Take cancer as an example. For decades, pathologists have been diagnosing cancer using anatomic pathology techniques from extracted tissue obtained through biopsies. But cancer is fundamentally a genetic disease. Solely relying on a stained slide to determine cell morphology of a tumor is the metaphorical equivalent of a mechanic diagnosing car troubles by looking at it – it may have sufficed in the past, but we now know cancer is too complex for that. Just as a mechanic wants to know what the machinery inside the car reveals through an onboard computer, genetics can inform a pathologist of the inner workings of a tumor by providing its unique genetic signature. Using this genetic information, drugs and treatment programs can be prescribed based not only on the organ from which the tumor was extracted and the shape of the cells, but tailored to specific genetic errors found within the tumor.
A new class of diagnostic instruments
Increasing awareness of the role of IT in improving the management of diagnostic information, as well as their ability to optimize workflow and improve turnaround time, has resulted in increased focus on more sophisticated instruments in diagnostics. In turn, this has led to trends in clinical diagnostic instruments such as random-access testing, bi-directional interfacing capabilities, and advance order, and results data management features associated with LIS integration. Traditionally, random access and bi-directional LIS interfaces are characteristic of analyzers in the core laboratory (e.g., chemistry and hematology). However, with the trend toward random access instead of batch testing in molecular diagnostics, bi-directional LIS functionality has found its way into the diagnostic lab. The relationship between bi-directional interfaces and random-access testing presents several implications for diagnostic laboratories in terms of detecting errors and improving pre- and post-analytical data management processes.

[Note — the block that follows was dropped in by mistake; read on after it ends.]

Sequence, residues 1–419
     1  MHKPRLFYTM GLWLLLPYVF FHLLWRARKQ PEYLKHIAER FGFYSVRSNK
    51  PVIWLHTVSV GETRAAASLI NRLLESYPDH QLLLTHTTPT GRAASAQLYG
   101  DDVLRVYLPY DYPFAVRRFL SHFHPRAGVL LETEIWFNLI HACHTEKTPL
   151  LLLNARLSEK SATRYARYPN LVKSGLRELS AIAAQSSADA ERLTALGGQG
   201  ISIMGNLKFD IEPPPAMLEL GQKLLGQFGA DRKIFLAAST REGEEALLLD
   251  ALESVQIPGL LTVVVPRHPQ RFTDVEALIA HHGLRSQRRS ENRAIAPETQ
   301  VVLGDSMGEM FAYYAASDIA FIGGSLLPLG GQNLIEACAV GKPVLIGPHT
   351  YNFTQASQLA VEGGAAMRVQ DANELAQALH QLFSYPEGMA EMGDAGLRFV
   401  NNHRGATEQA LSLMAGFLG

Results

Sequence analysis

It is evident that instruments with the most flexible and connectivity-based features are more suited to play a greater role in meeting the data management needs of the modern diagnostic laboratory since the clinical laboratory is a relatively high-risk environment with the possibility of error in several key areas of the testing process. Errors are more significant in the pre-analytical phase, which can significantly affect patient safety and quality of care. Focusing on the pre-analytical steps that are presented in the laboratory, errors can occur when test orders are programmed into the instrument, in specimen identification, or in specimen receipt. Instruments with bi-directional LIS interfaces can help laboratories optimize workflow and reduce errors by managing some of these pre-analytical data management steps.
A bi-directional instrument simplifies test order management and automates test order entry, which saves the laboratorian the time to program test orders into the instrument and eliminates manual entry errors. Particularly, instruments with advance broadcast bi-directional capabilities provide process controls that allow staff to load any specimen and be assured that the proper test information is available to process the specimen, which eliminates the risk of order misinterpretation or incorrect container. These capabilities are particularly important in high-throughput laboratories facing staff shortages. In high-throughput laboratories, medical devices with advance data management features present significant process controls and workflow optimization to minimize the potential for error in the total testing process. Consider an instrument without bi-directional capability. Following the transmission of the clinician’s test order, the laboratory requires that specimen transport, preparation, and sample accessioning happen prior to the analytic phase. All of these are manual steps that are prone to error.
For example, if a specimen is not properly accessioned, it could take multiple hours until the ordering clinician realizes the test result has not been reported within the expected turnaround time, and before the lab is even aware of having to locate a misdirected specimen. If or when the specimen is located, it must be processed, likely as a STAT result, given the delay before realizing the sample has not yet been run. In contrast, with an instrument that has advanced data management features such as bi-directional LIS, an interfaced instrument would have visibility to the queue of pending test orders from the LIS. In addition, considering an instrument that has intelligent alert notification features that the laboratory staff can configure, if a specimen was not processed by the instrument within a pre-set period of time, an alert could be sent to the relevant supervisor or laboratorian, proactively making him or her aware of the overdue pending test order and allowing him or her to take action before receiving a call from the floor. These types of advance capabilities can help reduce errors such as lost specimen and delayed reporting of results, and can help improve laboratory service levels and customer satisfaction.